Thanks thelistlady - and that sharing works more than ever for me now - whatever I buy I share with friends and they do likewise. And knowing these oils can spoil - well, why waste it.

Thank you CountryCityWoman and I agree with your philosophy about everything being multi-purpose and nothing should go to waste.

Ah PWalker281 - you may like the idea of oil pulling. It's an ancient Indian treatment for maintaining good health or improving it. It's about swishing the oil in the mouth and getting those enzymes activated. The best website, with absolutely nothing to sell is oilpulling.com - lots of info there. And it was another hubber here who wrote about using coconut oil for the oil pulling. I do prefer it.

You're welcome Pamela99. I'm glad you liked the hub and thanks for sharing that info about the mask and letting us know how well it works.

Pamela Oglesby from Sunny Florida on December 12, 2011:

This is great information to know. I never thought of using many of those oils in that way. I do make a mixture of olive oil and honey and use it as a face mask leaving it on for about 20-30 minutes about once or twice a week and it really softens your skin. Thanks for all the information.

PWalker281 on December 12, 2011:

Yes, you're write BKC, it does harden when the temp drops, but that's a rare occurrence where I am so the coconut oil I keep on hand is usually in a liquid state.

Btw, what is oil pulling??

CountryCityWoman from From New York City to North Carolina on December 12, 2011:

Lots of great information. I'm so glad we finally know that oils are beneficial in so many ways. Every product we bring into our homes should have multi purposes and earn its shelf space.

Rated up - thanks so much!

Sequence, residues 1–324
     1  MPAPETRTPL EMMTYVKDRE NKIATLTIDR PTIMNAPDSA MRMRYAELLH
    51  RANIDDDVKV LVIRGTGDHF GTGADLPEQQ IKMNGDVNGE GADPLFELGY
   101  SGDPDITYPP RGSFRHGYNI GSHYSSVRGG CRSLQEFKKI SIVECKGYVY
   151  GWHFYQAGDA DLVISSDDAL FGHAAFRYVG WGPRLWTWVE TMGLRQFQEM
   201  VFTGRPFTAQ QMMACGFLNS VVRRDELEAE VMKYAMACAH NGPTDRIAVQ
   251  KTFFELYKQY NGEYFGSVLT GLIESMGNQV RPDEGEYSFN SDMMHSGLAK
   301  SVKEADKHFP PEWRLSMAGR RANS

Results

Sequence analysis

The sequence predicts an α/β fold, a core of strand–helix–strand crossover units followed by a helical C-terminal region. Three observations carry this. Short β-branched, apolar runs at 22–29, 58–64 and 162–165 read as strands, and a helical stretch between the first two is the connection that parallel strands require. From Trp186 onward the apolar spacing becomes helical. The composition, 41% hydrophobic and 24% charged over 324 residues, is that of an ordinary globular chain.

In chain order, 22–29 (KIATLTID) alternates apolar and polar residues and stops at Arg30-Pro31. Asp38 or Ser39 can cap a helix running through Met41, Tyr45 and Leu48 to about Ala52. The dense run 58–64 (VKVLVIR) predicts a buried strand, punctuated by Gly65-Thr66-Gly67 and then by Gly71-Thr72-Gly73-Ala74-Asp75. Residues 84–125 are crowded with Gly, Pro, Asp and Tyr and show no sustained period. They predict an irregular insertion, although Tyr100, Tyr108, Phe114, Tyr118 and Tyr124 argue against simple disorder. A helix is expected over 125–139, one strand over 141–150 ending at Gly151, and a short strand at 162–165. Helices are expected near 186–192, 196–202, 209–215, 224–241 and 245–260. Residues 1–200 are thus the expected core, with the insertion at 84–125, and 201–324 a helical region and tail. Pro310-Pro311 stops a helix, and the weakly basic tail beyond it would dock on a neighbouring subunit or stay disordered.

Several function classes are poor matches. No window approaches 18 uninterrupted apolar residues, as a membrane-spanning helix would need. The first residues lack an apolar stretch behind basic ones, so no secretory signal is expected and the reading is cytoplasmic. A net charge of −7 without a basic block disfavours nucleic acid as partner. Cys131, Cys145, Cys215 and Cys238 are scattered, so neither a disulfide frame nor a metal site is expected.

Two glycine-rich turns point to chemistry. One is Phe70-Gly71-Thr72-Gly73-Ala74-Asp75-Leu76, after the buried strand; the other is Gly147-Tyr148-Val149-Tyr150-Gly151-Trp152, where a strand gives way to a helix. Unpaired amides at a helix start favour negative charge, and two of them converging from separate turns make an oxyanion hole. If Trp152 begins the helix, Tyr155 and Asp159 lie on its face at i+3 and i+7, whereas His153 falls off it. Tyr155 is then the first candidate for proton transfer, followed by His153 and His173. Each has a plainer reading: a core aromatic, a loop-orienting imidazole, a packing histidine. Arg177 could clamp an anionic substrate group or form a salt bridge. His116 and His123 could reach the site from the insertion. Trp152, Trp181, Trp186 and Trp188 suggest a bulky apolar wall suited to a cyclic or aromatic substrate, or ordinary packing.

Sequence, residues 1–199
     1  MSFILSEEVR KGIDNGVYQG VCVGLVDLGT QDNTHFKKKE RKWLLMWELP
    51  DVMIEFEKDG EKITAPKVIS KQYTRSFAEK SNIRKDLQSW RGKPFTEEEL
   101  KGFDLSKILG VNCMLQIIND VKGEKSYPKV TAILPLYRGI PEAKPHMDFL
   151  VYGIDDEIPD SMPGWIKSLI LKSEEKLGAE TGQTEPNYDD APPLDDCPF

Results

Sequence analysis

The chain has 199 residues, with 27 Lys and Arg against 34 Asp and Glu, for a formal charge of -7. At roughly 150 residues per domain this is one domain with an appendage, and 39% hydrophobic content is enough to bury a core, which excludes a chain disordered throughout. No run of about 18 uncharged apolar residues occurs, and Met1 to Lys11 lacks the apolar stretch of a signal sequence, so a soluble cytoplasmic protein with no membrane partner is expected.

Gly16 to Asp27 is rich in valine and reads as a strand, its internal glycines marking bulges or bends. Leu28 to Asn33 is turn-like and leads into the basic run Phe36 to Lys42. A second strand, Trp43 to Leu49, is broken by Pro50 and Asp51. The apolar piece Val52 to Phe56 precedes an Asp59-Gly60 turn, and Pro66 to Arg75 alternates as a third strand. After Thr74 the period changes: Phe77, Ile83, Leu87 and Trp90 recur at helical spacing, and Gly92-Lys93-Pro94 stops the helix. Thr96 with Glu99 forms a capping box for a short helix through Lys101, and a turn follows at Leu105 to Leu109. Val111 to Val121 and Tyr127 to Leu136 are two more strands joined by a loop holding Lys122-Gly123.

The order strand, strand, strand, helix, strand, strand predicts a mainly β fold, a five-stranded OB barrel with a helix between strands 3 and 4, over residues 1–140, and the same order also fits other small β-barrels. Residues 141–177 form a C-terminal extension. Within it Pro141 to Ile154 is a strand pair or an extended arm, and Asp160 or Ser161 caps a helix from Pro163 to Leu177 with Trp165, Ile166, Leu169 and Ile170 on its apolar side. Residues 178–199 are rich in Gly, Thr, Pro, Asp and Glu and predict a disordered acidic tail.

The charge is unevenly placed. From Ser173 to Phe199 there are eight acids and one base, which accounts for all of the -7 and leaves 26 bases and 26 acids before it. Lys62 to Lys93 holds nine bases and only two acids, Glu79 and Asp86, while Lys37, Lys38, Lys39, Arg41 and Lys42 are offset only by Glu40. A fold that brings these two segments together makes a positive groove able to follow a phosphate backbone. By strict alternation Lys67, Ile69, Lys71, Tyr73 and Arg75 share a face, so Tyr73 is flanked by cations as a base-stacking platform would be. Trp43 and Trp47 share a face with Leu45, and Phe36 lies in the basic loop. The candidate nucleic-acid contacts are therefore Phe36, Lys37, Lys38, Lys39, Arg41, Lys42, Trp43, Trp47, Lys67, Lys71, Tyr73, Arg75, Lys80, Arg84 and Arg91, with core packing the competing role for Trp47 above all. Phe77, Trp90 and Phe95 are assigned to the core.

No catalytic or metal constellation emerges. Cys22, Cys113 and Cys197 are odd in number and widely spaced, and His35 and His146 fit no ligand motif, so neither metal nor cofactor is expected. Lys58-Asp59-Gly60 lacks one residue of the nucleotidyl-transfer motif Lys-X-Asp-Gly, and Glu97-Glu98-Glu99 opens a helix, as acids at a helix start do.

TheListLady from New York City on December 12, 2011:

Great hub and thanks so much. I often want to try many of these oils but I figured why spend all that money just for a recipe. Ah, well I can use it as a massage oil. And I can even say to a friend 'here's some great oil for a massage' which sounds so much better than 'you need some oil for cooking something?'

Thanks a lot and rated up and more. Yay!

gchicnotes on December 12, 2011:

Wow! I've never even heard of some of these oils! Great information and well written. I've have to try some of these especially the almond oil for aches and pains. I wonder of it will work on my back? Voted up and useful.

BkCreative (author) from Brooklyn, New York City on December 12, 2011:

So glad you wrote Thelma Alberts and shared your personal experience. I'm so ready for massages with all these oils. Thanks for the vote!

Thelma Alberts from Germany on December 12, 2011:

Great hub. Thanks for sharing. I have used most of the oils that you have mention, in my massages. They are really great massage carrier. Voted up. Have a nice day!

BkCreative (author) from Brooklyn, New York City on December 11, 2011:

Thanks habee and I hope hubby listen to his very wise woman. Thanks too for the vote.

I'm glad you found the information so useful justmesuzanne. It's been awhile since I've bought peanut oil and it's one of the best for high heat cooking. Well, now I can moisturize with it too. Thanks for the vote.